Now, it is entirely possible to extend the client to do lots of interesting things. Thanks to the periodic task, you have the ability to perform various things, such as read from a database or collect performance metrics. As long as the tasks that you perform won’t block for extended periods of time, the code will run reliably. If you need to do something like retrieve data from a remote server over the Internet as part of your client, this part of the code should be done asynchronously. PyZMQ’s async implementation is borrowed from tornado and is compatible with it, so you can use tornado conventions to add other asychronous routines to the client.
Now, let’s take a look at the server code, app_server.py. The AppServer() constructor will listen on localhost port 5556 for incoming ZeroMQ connections. It can actually handle any number of clients simultaneously so that a single connected client will not prevent others from communicating with our server. Similar to the client, our server also registers a periodic task that will run once per second, and an on_recv() method that will be called when it receives a message.
If you take a look at on_recv() and periodictask(), you’ll note that our server first ‘learns’ of a client connection when it receives a message from it. The first frame of the received message contains the ‘identity’ of the client, which is a byte string (generated by the ZeroMQ library) that uniquely identifies the client connection. You can see that on_recv() extracts this identity and then stores it within self.client_identities, a dictionary with a timestamp of when this message was received. This is the behavior of the router in ZeroMQ—it tracks each incoming connection and generates an identity for the connection to be used by our code. Each message that is received from this connection is prepended with the connection’s unique identity as its first frame.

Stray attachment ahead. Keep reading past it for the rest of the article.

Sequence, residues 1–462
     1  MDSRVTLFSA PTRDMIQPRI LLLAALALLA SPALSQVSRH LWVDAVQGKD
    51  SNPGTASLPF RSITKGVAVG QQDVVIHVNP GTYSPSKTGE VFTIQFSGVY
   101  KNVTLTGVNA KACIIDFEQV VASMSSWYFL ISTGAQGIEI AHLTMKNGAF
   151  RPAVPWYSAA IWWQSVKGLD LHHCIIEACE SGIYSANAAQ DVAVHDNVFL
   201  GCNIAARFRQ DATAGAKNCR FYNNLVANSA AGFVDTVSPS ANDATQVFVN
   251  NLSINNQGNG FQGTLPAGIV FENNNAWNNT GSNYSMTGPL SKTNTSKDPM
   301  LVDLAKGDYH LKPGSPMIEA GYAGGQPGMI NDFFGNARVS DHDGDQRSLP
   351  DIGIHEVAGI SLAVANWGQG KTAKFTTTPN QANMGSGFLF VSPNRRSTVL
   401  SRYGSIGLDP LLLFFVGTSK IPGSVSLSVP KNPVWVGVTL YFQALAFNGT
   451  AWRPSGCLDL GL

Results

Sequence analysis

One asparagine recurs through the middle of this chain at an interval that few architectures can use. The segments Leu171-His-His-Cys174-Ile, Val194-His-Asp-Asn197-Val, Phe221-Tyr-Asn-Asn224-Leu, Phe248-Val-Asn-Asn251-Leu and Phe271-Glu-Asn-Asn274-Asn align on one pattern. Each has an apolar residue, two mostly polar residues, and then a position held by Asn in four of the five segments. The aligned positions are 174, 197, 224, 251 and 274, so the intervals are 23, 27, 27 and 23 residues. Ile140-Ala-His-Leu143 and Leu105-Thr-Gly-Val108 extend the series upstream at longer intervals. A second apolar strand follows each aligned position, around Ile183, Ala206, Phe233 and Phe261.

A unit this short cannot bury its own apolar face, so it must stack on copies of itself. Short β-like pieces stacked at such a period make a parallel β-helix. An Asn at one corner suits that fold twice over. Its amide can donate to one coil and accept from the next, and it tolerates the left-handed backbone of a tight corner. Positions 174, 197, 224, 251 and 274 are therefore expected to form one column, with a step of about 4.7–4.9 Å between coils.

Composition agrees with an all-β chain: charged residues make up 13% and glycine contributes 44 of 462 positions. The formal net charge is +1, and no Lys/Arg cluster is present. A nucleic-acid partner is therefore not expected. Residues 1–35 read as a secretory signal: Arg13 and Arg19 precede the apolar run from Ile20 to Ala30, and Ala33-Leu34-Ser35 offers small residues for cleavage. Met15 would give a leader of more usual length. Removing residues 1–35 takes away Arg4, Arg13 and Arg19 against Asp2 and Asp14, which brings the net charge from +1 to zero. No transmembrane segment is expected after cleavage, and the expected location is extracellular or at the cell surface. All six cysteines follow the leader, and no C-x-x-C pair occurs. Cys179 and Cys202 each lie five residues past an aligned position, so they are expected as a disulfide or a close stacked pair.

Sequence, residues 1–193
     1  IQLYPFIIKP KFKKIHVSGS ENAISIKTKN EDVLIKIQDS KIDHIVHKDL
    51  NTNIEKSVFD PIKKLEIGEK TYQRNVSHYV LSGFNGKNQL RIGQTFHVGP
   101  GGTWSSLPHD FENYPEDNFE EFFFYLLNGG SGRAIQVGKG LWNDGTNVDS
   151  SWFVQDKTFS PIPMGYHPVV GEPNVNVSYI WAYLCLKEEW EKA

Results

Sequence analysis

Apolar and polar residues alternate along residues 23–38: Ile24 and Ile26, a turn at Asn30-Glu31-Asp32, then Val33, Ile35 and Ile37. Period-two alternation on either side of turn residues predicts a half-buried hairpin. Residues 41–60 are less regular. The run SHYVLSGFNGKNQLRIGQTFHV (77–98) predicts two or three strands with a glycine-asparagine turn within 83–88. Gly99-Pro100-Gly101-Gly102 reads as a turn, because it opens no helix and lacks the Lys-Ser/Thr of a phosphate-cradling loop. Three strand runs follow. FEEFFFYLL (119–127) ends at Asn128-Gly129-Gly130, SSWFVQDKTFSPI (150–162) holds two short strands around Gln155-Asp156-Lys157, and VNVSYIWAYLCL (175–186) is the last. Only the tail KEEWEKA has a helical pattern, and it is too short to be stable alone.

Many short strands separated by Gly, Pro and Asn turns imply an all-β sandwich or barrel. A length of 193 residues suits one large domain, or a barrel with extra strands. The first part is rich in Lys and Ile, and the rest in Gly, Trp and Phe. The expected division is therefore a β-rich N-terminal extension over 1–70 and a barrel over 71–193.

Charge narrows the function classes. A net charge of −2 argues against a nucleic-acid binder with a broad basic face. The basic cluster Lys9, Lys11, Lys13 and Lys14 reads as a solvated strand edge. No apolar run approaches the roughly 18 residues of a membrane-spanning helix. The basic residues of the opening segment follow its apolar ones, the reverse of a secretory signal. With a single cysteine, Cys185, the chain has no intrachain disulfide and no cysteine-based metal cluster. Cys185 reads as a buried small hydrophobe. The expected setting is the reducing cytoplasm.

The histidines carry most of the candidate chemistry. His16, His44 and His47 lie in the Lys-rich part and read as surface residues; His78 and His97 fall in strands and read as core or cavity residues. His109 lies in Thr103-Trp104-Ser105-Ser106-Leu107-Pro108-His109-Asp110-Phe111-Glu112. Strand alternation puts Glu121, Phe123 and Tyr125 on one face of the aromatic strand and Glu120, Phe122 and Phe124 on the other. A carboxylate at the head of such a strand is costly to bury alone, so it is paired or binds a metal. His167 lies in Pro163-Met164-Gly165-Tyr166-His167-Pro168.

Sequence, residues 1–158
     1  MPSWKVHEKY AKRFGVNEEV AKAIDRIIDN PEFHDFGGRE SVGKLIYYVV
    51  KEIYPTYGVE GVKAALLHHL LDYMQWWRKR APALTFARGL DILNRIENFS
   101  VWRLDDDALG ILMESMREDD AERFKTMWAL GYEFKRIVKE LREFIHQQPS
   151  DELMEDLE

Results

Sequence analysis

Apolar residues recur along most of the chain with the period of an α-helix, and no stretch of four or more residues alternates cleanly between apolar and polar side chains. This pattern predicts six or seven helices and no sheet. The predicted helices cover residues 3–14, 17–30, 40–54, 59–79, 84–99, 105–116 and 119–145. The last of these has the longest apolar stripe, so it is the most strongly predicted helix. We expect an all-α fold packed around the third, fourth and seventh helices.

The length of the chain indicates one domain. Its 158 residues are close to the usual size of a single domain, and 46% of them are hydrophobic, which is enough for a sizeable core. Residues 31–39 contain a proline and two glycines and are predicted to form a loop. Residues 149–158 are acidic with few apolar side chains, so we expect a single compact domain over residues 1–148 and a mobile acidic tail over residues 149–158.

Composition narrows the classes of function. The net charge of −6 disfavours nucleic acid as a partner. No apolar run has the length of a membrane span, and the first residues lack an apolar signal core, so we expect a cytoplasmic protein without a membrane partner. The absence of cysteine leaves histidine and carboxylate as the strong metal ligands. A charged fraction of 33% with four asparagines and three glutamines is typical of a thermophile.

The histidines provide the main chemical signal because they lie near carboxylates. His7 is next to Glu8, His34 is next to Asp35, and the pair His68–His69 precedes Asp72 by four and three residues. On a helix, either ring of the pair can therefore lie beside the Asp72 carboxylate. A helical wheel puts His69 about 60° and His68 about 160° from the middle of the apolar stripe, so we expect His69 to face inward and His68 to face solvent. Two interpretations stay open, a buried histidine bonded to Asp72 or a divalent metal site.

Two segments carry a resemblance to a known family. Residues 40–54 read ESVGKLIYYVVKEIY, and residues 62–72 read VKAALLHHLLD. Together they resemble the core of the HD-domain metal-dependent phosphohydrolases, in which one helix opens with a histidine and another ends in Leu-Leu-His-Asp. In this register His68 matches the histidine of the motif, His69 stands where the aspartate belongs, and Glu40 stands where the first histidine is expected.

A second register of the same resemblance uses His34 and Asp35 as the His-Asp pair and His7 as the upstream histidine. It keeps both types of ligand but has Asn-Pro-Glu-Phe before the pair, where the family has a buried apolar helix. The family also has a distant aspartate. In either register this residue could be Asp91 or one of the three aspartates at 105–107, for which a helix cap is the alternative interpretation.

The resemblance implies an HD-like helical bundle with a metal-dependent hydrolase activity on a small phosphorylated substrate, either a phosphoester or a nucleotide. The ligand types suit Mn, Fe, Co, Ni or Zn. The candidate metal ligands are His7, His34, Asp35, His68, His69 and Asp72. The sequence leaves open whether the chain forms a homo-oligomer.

In periodictask(), which runs once per second, our server will iterate through its list of known clients, and if it heard from this client in the last 10 seconds, it will attempt to send a HELLO message to it. Note that it uses the client_identity to direct the message to a specific client. If it did not hear from the client in the last 10 seconds, it will be considered a ‘stale’ client and will be removed from the list of active client connections.
Play around with the client and server. Run them both on the same machine. Here are some things to attempt to see how the client and server respond. Perform these tests and see whether you can understand why the code behaves how it does.
One concept that is important to point out is that neither the client nor the server code deal directly with a single client/server ‘connection’ within the code. The client connects, and attempts to send messages to the server. It doesn’t know whether the connection to the server is active or not. Behind the scenes, the ZeroMQ library is trying to connect to the server on behalf of the client. When it connects, any messages that the client attempted to send to the server will be delivered.
Likewise, the server has no immediate concept of an individual server-client connection. It becomes aware of a client when it receives a message from a client with an identity that it has never seen before. It also does not know when an individual client disconnects. Instead, it assumes that if it didn’t receive a message from the client in the last 10 seconds, that the client connection is no longer active.
This level of abstraction is intentional. By allowing the ZeroMQ library to manage individual connections, our code can focus on the communications protocol instead of spending a lot of effort in managing resources that are related to the network communication. This allows our code to focus on the messages that are being exchanged and remain blissfully unaware of the complex networking details that are happening within the ZeroMQ library itself.
That’s it for now. Try playing with the code and see if you can make it do some interesting things. Next time, we’ll take our currently unencrypted communications channels and make them secure against eavesdropping and tampering. See you then!